Big may be beautiful to some, but in a world of dwindling space and resources, it makes far more sense to downsize one's home whenever possible. Gizmag doffs its cap to 10 recent architectural examples of utilizing space to its utmost potential, from tiny micro-homes on wheels that resemble large sheds, to slightly larger brick-and-mortar houses sporting ingeniously flexible interior layouts. One thing they all have in common though, is an distinct effort to make the most of what space is available.
Renzo Piano is best known for London's Shard building, but the Italian architect recently turned his hand to making something much smaller. The Diogene Micro Home measures just 7.5 sq m (81 sq ft), but still contains all the basics.
The small dwelling sports a living area, with folding desk and chair, a sofa bed and kitchen unit with built-in sink and a refrigerator. There's a composting toilet on-board for when nature calls, and more storage space than you might expect. Solar panels, rainwater collection, and filtration services have also been added for good measure.
The Diogene Micro Home is currently undergoing testing and is expected to be available in 2014.
Reckoned to be quite possibly the "world's narrowest house," the Keret House is located in the former Jewish Ghetto district of Warsaw, Poland. Though difficult to verify, the "narrowest" claim is certainly plausible, as the entire home was built within a former alley. The Keret House measures just 122 cm (48 in) at its widest interior point, and 72 cm (28 in) at its narrowest.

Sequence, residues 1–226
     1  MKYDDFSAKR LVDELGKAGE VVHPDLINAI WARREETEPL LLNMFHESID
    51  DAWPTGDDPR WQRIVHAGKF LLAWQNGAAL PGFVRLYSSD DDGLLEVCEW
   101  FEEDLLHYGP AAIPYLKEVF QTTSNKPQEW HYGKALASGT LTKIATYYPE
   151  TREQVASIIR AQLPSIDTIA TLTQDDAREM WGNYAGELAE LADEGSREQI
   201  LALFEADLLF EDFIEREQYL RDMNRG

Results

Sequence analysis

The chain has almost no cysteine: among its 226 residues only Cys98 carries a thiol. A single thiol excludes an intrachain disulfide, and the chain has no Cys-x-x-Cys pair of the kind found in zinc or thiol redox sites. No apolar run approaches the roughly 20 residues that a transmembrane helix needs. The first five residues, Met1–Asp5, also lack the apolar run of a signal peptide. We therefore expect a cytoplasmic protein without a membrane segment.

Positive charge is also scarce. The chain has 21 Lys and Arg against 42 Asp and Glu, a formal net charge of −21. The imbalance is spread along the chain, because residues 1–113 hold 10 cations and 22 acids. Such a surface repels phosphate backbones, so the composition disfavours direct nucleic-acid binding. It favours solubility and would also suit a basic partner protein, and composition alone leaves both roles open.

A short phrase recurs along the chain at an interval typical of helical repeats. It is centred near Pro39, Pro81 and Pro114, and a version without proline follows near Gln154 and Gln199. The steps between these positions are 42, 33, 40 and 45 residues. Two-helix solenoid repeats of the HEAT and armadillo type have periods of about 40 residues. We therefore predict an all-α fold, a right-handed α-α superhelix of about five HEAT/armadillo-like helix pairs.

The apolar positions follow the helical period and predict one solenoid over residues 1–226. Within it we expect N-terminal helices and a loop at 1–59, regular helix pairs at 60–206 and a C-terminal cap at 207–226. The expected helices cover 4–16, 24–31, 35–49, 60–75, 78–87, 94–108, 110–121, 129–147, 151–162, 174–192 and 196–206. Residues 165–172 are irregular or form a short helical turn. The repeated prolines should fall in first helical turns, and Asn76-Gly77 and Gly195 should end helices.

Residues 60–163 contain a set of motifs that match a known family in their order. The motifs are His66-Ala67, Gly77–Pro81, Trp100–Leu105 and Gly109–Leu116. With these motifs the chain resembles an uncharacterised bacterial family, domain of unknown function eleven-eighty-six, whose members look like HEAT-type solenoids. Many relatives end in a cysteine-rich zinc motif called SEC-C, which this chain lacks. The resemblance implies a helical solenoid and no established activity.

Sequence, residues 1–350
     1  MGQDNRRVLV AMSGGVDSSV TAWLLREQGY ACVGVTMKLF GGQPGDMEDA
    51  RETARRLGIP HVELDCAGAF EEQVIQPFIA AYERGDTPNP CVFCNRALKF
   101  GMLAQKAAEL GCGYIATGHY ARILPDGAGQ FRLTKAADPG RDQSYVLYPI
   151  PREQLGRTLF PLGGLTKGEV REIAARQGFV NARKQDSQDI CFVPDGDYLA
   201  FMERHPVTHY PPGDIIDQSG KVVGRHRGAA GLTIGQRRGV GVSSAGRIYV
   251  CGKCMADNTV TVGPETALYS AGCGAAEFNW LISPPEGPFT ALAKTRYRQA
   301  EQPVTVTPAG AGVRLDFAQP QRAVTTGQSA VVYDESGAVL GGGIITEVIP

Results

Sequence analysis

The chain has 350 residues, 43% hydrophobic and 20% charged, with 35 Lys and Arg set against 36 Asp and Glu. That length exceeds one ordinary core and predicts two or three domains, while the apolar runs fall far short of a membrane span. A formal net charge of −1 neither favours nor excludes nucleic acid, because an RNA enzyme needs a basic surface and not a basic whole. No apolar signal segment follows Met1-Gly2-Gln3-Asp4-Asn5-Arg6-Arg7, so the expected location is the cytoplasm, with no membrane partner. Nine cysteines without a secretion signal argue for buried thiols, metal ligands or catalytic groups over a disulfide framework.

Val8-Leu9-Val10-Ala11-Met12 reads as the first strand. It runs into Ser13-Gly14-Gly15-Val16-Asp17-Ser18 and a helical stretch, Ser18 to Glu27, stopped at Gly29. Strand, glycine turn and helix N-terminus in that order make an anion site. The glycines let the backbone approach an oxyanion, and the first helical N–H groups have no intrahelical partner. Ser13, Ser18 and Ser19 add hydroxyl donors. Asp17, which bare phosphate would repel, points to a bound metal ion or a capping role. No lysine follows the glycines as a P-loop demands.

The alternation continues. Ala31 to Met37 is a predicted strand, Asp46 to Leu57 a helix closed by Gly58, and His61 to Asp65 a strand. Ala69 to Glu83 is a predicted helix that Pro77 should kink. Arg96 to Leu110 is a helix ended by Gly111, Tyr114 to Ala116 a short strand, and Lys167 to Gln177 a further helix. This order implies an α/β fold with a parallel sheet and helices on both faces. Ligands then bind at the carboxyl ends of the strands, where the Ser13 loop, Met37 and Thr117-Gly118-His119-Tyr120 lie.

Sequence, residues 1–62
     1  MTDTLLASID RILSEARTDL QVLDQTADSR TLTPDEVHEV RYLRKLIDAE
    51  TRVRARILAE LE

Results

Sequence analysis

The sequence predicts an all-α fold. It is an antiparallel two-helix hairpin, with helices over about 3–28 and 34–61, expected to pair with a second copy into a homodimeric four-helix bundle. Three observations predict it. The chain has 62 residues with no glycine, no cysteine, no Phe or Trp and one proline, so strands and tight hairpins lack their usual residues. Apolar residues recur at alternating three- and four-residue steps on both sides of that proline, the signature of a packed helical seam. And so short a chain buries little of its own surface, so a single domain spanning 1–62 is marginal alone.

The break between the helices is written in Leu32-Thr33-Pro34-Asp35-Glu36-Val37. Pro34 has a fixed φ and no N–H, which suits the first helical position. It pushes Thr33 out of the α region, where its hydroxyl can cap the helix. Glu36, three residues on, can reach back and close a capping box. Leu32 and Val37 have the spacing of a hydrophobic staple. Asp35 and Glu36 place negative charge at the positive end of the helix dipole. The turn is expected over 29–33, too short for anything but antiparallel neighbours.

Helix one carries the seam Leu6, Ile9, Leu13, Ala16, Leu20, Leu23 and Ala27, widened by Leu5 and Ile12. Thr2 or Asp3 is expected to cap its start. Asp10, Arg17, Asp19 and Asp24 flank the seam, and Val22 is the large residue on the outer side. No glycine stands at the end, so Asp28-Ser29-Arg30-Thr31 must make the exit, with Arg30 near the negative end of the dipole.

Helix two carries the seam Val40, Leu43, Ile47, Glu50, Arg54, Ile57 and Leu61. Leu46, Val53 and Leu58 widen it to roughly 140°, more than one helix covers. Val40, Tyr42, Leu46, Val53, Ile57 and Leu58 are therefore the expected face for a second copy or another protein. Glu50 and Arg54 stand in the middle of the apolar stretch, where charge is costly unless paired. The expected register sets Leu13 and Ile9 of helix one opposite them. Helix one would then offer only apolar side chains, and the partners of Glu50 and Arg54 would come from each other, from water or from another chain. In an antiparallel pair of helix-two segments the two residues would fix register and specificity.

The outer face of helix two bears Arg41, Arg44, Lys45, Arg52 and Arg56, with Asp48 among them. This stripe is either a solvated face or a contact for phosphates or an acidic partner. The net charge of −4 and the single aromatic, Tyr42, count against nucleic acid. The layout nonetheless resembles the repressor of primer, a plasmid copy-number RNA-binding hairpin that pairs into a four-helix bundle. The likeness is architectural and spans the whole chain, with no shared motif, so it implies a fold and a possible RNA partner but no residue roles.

Probably not the best location to host a soiree then, but Centrala Architects still managed to squeeze in a serviceable kitchen, dining room, WC and shower room, in addition to a bedroom with single bed.
No prize for guessing how large this Wroclaw, Poland, based apartment by 3XA Architects is, but for those who shun the metric system, the 29 sq m home also works out at roughly 316 sq ft.
3XA maximized the space available in this small urban apartment by creating a "semi-mezzanine," as the designers like to describe it. This was necessary as the ceiling height of 3.7 m (12 ft) didn't allow a proper second floor, or indeed, mezzanine.
Therefore, the designers fitted a bed area over the main wardrobe, which is accessible via a small wooden staircase. The kitchen and dining area are also combined into one, and a blind door was also fitted to a spare wall, in a bid to increase the feeling of space.
The apartment was completed in 2012.